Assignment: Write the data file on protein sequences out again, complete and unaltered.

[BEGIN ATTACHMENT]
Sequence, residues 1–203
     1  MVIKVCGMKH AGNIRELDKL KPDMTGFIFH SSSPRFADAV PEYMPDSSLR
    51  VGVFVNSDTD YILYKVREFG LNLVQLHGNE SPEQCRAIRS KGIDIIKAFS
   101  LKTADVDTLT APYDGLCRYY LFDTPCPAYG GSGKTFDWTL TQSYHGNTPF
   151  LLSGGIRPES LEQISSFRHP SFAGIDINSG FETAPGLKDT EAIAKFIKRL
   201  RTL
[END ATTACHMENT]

Sequence, residues 1–203
     1  MVIKVCGMKH AGNIRELDKL KPDMTGFIFH SSSPRFADAV PEYMPDSSLR
    51  VGVFVNSDTD YILYKVREFG LNLVQLHGNE SPEQCRAIRS KGIDIIKAFS
   101  LKTADVDTLT APYDGLCRYY LFDTPCPAYG GSGKTFDWTL TQSYHGNTPF
   151  LLSGGIRPES LEQISSFRHP SFAGIDINSG FETAPGLKDT EAIAKFIKRL
   201  RTL